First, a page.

I started to write that we'd strive to do better. Then it occurred to me that I should peruse our digital archive and see just how often we've illustrated air pollution stories with oilfield photos. There's no easy, foolproof way to check that, but I tried.
I entered the search terms "air," "quality" and "ozone" in our PDF database of past published pages and guess what? The vast majority were photos of smoggy horizons. A few shots of street or highway traffic, a couple of home fireplaces, a couple of agricultural burning scenes — and one previous use of an oilfield photo. That picture accompanied "Oil gas permit lawsuit could have a big impact," published June 18, 2017 — a completely appropriate pairing, seems to me.
Yes, I was surprised, too.
Maybe I did a poor job of choosing search terms. I tried again: I searched for the word "pollution" in our database of images. If any photo captions contained that word, I'd find them. I got a couple hundred hits — exactly two of which were photos associated with the oil industry. One was the photo you referenced, Denney, published last month. The other was a photo of the Big West Refinery dated Nov. 2, 2007.
Again, my search strategy was surely not perfect. We may have published other stories and other photos over the years that linked the oil industry to air quality, but for whatever reason they didn't turn up in my searches. But I'm inclined to say this is not the problem you apparently believe it is. If you have specific examples I missed, though, please share with me.
You are correct that the oil industry has worked hard to clean up its act and that the horseshoe-shaped ring of contiguous mountain ranges near Kern County's southwestern border trap pollutants, but the oil industry is undeniably a contributor to localized ozone and particulate pollution.
Reader: Most articles appearing in the Opinion section of the paper are written by liberal writers, and if you don't believe me, every article appearing on July 2 criticized President Trump. Don't tell me that you don't get enough conservative articles to put in the paper as you have said before, because that's just an excuse, especially since Kern votes Republican. Censorship of conservative articles might as well be fake news. Wouldn't you agree?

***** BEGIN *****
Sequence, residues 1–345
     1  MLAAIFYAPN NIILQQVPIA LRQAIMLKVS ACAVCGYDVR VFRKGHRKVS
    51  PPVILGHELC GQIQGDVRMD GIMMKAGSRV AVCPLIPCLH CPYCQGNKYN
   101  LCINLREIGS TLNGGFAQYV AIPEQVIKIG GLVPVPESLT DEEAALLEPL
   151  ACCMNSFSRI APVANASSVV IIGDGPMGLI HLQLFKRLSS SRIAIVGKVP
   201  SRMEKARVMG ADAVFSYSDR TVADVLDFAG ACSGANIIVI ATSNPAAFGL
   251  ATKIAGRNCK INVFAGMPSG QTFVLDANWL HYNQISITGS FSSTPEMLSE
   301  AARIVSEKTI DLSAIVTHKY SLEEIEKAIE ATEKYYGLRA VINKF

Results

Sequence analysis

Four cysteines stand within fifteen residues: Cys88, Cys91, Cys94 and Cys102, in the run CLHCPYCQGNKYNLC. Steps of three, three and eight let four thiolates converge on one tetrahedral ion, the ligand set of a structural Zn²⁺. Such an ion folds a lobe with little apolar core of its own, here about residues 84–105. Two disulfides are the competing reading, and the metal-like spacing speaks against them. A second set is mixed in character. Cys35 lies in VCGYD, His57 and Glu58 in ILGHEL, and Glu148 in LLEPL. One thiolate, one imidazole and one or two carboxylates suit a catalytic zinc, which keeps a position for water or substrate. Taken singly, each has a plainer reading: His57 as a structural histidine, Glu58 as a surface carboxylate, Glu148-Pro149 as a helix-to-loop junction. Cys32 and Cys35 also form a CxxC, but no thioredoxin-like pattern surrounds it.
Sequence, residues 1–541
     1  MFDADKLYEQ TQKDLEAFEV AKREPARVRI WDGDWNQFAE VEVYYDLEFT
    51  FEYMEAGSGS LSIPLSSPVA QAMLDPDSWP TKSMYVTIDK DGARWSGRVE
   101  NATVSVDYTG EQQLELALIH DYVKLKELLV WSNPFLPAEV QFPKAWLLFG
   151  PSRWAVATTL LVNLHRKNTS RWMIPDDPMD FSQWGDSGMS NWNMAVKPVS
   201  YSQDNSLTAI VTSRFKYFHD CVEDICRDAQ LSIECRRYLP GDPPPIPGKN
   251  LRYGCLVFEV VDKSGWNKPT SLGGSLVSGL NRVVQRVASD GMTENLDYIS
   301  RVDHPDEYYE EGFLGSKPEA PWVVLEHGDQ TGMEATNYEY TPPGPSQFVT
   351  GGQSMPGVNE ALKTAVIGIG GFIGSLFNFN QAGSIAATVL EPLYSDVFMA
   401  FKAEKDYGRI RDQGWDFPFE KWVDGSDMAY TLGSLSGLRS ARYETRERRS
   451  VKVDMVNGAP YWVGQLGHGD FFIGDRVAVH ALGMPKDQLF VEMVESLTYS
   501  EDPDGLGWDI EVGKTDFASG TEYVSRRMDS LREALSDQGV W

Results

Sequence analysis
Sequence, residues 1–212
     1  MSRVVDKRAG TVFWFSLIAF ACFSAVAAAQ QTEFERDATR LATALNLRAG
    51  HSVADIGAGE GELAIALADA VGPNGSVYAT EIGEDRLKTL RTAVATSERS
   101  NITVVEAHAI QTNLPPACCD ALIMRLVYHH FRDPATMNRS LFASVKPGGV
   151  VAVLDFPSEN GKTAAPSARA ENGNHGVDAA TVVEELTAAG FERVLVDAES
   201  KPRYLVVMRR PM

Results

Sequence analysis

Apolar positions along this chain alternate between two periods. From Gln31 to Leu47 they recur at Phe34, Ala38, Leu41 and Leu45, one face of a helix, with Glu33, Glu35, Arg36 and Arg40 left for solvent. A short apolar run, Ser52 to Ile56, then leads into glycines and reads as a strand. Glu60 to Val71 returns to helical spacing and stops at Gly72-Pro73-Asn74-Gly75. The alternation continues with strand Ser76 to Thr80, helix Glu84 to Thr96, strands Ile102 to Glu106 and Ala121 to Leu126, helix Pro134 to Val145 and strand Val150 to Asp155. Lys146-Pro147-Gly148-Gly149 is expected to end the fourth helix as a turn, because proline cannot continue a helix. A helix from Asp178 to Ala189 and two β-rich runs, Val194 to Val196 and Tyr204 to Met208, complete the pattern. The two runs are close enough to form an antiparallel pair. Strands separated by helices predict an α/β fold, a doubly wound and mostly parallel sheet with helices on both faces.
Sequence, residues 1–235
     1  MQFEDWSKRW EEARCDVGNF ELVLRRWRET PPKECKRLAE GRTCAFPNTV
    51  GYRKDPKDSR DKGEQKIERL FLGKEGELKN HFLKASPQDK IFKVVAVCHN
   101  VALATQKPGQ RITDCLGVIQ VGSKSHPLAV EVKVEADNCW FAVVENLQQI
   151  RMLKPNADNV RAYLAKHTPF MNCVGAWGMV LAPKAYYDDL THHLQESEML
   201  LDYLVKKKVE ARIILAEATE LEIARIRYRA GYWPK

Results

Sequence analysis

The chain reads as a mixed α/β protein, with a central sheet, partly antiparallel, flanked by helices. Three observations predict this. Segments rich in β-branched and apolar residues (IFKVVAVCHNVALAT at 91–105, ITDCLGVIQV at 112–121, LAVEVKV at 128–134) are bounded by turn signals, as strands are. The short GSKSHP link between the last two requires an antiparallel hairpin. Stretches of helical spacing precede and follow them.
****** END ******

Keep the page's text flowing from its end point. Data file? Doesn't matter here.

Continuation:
Let's see if this one is worthy enough to put in your paper!
— Dennis Tope
Price: I can only guess you've got a bet going with somebody up there in Tehachapi that you can get essentially the same complaint about our censorship of conservative voices published again in Sound Off on the very same day we publish your 31st (conservative) letter to the editor since October 2016.
For the 31st time, Dennis, we publish what we receive. Don't like what you see? Write a letter. Not you, Dennis, I'm talking to everyone else.
Reader: As a longtime resident of Bakersfield now residing in Ventura and soon returning home, I have witnessed a transportation route similar to Bakersfield's 24th Street widening project here in Ventura ("It's not 'Go play on the freeway, kids,' but it's close," Robert Price, July 1). I am surprised a death has not occurred on this Ventura street. If the city of Bakersfield builds this crosswalk across six-lane 24th, a tragedy most likely will occur.
Telephone Road in Ventura is a six-lane, posted 45 mph street. It's near the Government Center, and a school crossing cuts across it. During the school week, crossing guards have an impossible time helping children cross safely, as vehicles routinely hit speeds of 50-65 mph or more.
I have personally observed children stranded in the median because cars will not stop at the flashing crosswalk lights. Two weeks ago, a mother and her child were crossing and as I came to a stop at the crosswalk, a vehicle passed on my right at 60-plus mph, ignoring the crosswalk lights. Fortunately, the small family was just entering my side of the road.
Please continue writing on this subject until the city of Bakersfield finds an alternative solution to this potential pedestrian death trap on what will essentially be a freeway.
— Marshal Farr
Price: I received many responses to that column and every reader agreed: A crosswalk over six-lane 24th Street isn't going to cut it.
Some suggested a pedestrian tunnel beneath the street. I don't know about the funding or logistics of such an undertaking, but it's worth consideration. A pedestrian bridge that spans the road could be sufficiently pleasing from an aesthetic perspective, as far as I'm concerned, but not everyone will agree. The important thing is that the city not add to our already troubling tally of pedestrian carnage.